Marijuana stocks seem a bit wobbly at the moment and Canopy Growth (NYSE:CGC) is no exception. The CGC stock price hasn’t tanked, to be sure. Shares in fact still are up a healthy 53% in 2019. But the gains came early. Since late April, Canopy has dropped over 20%.
Canopy Growth earnings on Thursday will provide an opportunity to reverse the recent trend. That’s true not just for Canopy Growth stock but for the marijuana sector as a whole.
The trend in the CGC stock price mirrors that of other widely held pot plays. Investor patience seems a bit thin. Valuations, even with modest declines, remain sky-high. And sector-wide earnings of late haven’t been close to good enough.
If Canopy — the industry’s largest player — can’t deliver, investors are going to wonder who can. And that suggests that the rest of the sector could follow Canopy stock downward.
Expectations for Canopy Earnings
Analysts are expecting Canopy Growth to post a reasonably large loss in its fiscal fourth quarter. The current consensus estimate is for a loss of 24 cents CAD per share.
That figure isn’t all that meaningful for two reasons. First, the reported figure likely isn’t going to be close to that average. Canopy’s net income is impacted by changes in fair value of its convertible debt and warrants owned in smaller cannabis companies. In Q3, for instance, Canopy actually reported a large net profit thanks to those accounting effects.
Secondly, investors aren’t really going to care about profits. Canopy, adjusting for one-time and accounting effects, is going to lose more money than it did a year ago. Since last year’s fourth quarter, Canopy has acquired retail chain Hiku, which is not yet profitable. It has invested heavily in production and processing capabilities.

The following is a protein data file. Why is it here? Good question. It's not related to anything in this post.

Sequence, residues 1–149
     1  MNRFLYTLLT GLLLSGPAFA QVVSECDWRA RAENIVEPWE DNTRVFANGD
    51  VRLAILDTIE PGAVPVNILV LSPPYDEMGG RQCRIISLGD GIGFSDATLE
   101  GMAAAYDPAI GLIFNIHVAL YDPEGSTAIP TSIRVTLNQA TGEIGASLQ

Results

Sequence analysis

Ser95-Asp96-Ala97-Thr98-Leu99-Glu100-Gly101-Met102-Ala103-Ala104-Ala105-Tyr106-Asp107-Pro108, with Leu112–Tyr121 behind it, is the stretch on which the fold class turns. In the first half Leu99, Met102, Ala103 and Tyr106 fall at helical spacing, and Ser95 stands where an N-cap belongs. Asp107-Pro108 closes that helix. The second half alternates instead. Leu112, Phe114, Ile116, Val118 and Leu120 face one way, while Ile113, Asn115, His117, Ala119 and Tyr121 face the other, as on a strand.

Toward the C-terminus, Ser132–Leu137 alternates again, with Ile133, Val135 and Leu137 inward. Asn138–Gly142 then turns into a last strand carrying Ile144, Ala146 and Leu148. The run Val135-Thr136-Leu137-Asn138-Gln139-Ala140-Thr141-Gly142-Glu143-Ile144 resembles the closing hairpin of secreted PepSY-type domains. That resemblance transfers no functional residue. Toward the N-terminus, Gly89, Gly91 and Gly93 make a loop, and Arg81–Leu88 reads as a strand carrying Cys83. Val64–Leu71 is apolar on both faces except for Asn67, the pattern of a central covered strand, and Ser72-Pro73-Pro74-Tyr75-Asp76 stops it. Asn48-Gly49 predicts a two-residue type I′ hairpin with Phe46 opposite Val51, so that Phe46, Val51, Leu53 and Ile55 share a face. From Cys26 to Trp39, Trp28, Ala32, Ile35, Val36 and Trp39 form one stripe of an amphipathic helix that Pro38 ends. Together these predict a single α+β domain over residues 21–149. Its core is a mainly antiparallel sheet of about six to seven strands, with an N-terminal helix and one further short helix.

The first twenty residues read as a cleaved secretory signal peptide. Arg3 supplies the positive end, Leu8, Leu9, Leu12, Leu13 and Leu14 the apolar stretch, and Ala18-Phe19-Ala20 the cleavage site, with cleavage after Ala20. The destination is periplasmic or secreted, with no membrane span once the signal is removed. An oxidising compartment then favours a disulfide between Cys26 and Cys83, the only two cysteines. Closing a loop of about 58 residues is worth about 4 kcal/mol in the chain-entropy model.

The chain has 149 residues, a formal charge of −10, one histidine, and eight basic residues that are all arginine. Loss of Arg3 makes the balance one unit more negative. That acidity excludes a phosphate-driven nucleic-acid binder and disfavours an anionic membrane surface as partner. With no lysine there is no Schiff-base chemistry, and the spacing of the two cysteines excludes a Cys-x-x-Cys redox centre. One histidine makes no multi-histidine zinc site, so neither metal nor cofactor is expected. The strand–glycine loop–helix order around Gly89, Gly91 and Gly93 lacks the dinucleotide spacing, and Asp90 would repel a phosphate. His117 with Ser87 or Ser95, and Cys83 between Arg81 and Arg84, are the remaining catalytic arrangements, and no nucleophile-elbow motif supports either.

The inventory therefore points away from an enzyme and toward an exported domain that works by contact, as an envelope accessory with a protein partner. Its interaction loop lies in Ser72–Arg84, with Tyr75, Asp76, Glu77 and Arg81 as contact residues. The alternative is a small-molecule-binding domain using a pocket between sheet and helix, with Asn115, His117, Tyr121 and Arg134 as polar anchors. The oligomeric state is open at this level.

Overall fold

These are investments Canopy has to make, decisions that shareholders generally support. There’s no point in raising roughly $4 billion from Constellation Brands (NYSE:STZ, NYSE:STZ.B) if the money isn’t going to be spent. Canopy has a head start on the industry, and it needs to keep spending to maintain that lead. That’s actually the bull case for CGC stock, as I’ve detailed previously.
Rather, investors are going to focus on revenue, pure and simple. Analysts expect revenue to increase 314% year-over-year. There will be some help from Hiku and other acquisitions in that growth but Canopy sales are going to soar. The question for Canopy Growth stock and for the sector will be if they climb high enough.
Bad Omens for Canopy Growth Stock
The concern for owners of CGC stock heading into earnings is that big growth from other pot plays haven’t been big enough. Hexo (NYSEAMERICAN:HEXO) increased revenue nine-fold in its fiscal Q3. HEXO stock fell 13% in the next two sessions after reporting those earnings last week.
Cronos (NASDAQ:CRON) earnings last month looked disappointing, though CRON shares have mostly held up. In April, Aphria (NYSE:APHA) stock tanked on an earnings miss with sales up over 500% YOY. Tilray (NASDAQ:TLRY) did a little better, yet its earnings last month largely failed to arrest its equity’s long decline. Admittedly, TLRY shares looked awfully bubbly last year.
Among the most widely held marijuana stocks, there hasn’t been a recent earnings report that investors have truly cheered. And so investors betting on an increase in the CGC stock price next week are betting against the trend.
Not Just the CGC Stock Price
That string of poorly (or at least coolly) received earnings reports is why Canopy earnings are so important to the sector. There simply hasn’t been much good news. Sales in Canada aren’t growing, though supply constraints are an issue. Movement in the U.S. has been essentially nonexistent since the farm bill was passed in December.
From a short-term standpoint, then, Canopy earnings are the last major catalyst for the sector for some time. We’re probably talking close to two months. In a broad market that seems a little prone to panic and subsequent profit-taking, that’s a potential problem.
Therefore, Canopy earnings need to be — and will be — watched closely by the entire industry. If Canopy Growth stock sells off on Friday after Thursday evening’s report, it’s unlikely to be the only one to do so.
As of this writing, Vince Martin has no positions in any securities mentioned.